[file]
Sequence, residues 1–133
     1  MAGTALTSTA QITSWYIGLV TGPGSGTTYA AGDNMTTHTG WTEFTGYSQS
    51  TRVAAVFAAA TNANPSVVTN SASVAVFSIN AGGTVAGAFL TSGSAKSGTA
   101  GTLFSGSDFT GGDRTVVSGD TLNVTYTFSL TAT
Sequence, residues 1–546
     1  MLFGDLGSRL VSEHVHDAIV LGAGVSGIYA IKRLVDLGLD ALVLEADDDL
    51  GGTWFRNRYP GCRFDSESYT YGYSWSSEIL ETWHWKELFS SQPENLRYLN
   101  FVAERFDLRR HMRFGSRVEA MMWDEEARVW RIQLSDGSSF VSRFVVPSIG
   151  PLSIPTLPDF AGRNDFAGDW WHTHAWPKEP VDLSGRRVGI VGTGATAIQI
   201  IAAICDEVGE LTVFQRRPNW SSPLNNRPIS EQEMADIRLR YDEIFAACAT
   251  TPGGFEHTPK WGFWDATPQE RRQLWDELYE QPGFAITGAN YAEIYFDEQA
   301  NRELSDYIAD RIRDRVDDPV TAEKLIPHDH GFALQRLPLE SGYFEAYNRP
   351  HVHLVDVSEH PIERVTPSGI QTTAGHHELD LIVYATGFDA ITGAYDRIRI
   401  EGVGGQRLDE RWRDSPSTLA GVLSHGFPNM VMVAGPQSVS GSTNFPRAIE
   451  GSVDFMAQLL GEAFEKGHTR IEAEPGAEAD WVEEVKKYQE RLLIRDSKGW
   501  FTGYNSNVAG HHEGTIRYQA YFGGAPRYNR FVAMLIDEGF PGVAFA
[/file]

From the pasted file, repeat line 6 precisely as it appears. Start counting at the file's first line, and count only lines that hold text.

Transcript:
     1  MLFGDLGSRL VSEHVHDAIV LGAGVSGIYA IKRLVDLGLD ALVLEADDDL